Preparedness for treating victims of terrorist attacks in Australia

Learning from recent military experience

Research output: Contribution to journalArticleOtherpeer-review

2 Citations (Scopus)

Abstract

The Australian health system is generally well prepared for mass casualty events. Fortunately, there have been very few terrorist attacks and these have involved low numbers of casualties compared with events overseas. Nevertheless, Australian health professionals need to be prepared to treat mass casualties with blast and ballistic trauma. The US military and its allies including Australia have had extensive experience with mass casualty management in the Middle East and Afghanistan wars for more than a decade. To define their experience, they developed the Tactical Combat Casualty Care Guidelines that have saved many lives. It is now prudent to incorporate this knowledge and experience into civilian practice in Australia.

Original languageEnglish
Pages (from-to)722-724
Number of pages3
JournalEMA - Emergency Medicine Australasia
Volume30
Issue number5
DOIs
Publication statusPublished - Oct 2018

Keywords

  • Explosions
  • Mass casualty incidents
  • Terrorism

Cite this

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title = "Preparedness for treating victims of terrorist attacks in Australia: Learning from recent military experience",
abstract = "The Australian health system is generally well prepared for mass casualty events. Fortunately, there have been very few terrorist attacks and these have involved low numbers of casualties compared with events overseas. Nevertheless, Australian health professionals need to be prepared to treat mass casualties with blast and ballistic trauma. The US military and its allies including Australia have had extensive experience with mass casualty management in the Middle East and Afghanistan wars for more than a decade. To define their experience, they developed the Tactical Combat Casualty Care Guidelines that have saved many lives. It is now prudent to incorporate this knowledge and experience into civilian practice in Australia.",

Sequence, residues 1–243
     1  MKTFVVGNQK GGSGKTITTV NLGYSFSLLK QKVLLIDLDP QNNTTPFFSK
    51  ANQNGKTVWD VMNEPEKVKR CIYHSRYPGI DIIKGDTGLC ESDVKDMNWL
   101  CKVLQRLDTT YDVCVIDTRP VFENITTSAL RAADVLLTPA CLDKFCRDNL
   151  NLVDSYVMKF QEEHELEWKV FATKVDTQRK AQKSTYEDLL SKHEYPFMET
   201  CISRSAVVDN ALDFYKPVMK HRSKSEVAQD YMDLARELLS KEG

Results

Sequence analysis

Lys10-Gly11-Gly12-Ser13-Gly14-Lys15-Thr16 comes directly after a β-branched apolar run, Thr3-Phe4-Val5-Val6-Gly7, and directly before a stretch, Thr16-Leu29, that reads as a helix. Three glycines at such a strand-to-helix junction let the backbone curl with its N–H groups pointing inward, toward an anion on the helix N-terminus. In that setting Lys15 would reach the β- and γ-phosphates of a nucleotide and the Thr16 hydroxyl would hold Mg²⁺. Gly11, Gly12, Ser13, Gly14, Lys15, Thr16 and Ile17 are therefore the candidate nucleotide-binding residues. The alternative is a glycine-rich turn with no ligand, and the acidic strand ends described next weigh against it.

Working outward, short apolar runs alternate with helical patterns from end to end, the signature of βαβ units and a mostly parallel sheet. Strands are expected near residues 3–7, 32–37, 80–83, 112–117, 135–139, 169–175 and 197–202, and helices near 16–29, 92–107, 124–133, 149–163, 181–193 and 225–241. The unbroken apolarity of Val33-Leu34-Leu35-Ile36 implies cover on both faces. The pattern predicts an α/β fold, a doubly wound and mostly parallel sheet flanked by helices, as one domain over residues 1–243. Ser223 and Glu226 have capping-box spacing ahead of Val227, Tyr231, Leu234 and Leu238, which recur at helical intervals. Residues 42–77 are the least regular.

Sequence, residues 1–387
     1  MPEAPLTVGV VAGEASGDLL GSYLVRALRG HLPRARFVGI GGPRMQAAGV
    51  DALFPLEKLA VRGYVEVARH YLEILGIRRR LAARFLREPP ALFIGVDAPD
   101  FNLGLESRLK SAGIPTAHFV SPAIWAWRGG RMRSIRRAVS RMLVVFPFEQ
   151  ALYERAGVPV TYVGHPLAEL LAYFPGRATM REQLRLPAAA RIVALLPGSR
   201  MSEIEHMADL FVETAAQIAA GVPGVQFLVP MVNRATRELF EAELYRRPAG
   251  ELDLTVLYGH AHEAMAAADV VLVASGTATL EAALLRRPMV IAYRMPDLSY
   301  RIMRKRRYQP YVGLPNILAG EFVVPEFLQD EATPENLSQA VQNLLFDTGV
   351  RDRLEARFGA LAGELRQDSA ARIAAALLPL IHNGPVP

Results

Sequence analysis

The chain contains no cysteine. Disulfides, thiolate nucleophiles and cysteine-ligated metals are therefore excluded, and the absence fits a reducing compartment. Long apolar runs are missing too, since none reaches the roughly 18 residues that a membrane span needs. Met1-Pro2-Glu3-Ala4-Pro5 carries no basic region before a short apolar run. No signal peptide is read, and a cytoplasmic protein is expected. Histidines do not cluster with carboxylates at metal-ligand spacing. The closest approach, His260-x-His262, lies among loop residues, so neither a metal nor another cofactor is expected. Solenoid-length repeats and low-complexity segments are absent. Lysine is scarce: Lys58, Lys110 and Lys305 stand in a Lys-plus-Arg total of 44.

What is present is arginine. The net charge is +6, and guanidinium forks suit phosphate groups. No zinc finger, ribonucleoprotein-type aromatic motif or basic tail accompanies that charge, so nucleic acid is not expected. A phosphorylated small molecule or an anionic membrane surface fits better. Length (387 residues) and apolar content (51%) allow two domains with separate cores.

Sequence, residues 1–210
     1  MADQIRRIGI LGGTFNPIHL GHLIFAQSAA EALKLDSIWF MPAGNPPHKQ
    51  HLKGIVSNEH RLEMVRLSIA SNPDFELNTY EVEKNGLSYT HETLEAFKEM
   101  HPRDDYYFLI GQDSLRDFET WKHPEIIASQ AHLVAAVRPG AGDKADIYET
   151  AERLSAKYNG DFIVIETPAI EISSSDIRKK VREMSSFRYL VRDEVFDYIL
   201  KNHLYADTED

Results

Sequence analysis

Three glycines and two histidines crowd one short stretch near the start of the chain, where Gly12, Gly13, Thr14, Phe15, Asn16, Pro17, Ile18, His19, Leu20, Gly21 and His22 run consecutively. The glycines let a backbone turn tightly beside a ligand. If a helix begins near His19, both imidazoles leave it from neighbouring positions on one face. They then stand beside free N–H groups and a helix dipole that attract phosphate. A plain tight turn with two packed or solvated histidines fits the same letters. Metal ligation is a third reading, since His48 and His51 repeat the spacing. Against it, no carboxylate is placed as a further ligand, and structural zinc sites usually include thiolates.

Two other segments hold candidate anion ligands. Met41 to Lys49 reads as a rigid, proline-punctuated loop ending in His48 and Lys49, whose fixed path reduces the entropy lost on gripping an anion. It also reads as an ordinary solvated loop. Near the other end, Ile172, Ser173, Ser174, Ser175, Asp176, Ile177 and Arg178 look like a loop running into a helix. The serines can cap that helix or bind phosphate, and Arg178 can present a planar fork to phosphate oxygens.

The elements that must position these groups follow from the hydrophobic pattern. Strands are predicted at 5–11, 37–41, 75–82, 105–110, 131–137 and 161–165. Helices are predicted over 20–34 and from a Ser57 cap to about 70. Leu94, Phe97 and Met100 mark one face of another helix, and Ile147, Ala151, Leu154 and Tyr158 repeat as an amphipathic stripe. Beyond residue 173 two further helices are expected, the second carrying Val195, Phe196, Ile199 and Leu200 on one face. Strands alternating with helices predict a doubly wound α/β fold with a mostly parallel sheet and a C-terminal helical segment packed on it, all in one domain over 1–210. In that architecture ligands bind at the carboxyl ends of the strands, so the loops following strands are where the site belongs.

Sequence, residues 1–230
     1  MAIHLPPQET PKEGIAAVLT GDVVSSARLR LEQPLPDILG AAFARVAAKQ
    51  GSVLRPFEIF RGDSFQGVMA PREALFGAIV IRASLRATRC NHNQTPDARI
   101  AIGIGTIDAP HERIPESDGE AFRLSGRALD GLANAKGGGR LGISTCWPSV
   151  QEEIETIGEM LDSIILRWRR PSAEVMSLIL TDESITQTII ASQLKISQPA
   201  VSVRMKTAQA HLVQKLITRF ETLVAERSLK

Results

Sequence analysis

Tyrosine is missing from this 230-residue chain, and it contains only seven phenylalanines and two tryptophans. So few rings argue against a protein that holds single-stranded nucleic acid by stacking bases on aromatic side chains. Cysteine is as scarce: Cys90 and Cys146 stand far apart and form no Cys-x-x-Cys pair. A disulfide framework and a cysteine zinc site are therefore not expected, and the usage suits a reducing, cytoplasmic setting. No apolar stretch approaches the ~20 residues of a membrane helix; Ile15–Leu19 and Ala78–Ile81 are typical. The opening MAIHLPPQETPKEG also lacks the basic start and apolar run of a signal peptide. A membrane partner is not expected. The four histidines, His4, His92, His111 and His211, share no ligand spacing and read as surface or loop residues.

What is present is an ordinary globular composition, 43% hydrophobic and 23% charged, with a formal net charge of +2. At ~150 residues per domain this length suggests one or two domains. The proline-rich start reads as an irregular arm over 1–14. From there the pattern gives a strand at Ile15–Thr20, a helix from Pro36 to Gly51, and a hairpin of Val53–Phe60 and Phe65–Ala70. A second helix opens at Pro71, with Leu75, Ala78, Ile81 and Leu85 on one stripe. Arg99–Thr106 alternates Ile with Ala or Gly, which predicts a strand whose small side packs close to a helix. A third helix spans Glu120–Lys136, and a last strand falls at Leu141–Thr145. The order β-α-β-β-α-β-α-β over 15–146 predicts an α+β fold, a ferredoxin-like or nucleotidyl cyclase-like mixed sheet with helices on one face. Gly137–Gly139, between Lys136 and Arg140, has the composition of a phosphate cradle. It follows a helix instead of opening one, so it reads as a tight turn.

keywords = "Explosions, Mass casualty incidents, Terrorism",
author = "Rosenfeld, {Jeffrey V.} and Biswadev Mitra and Smit, {De Villiers} and Fitzgerald, {Mark C.} and Benjamin Butson and Michael Stephenson and Reade, {Michael C.}",
year = "2018",
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AU - Rosenfeld, Jeffrey V.

AU - Mitra, Biswadev

AU - Smit, De Villiers

AU - Fitzgerald, Mark C.

AU - Butson, Benjamin

AU - Stephenson, Michael

AU - Reade, Michael C.

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AB - The Australian health system is generally well prepared for mass casualty events. Fortunately, there have been very few terrorist attacks and these have involved low numbers of casualties compared with events overseas. Nevertheless, Australian health professionals need to be prepared to treat mass casualties with blast and ballistic trauma. The US military and its allies including Australia have had extensive experience with mass casualty management in the Middle East and Afghanistan wars for more than a decade. To define their experience, they developed the Tactical Combat Casualty Care Guidelines that have saved many lives. It is now prudent to incorporate this knowledge and experience into civilian practice in Australia.

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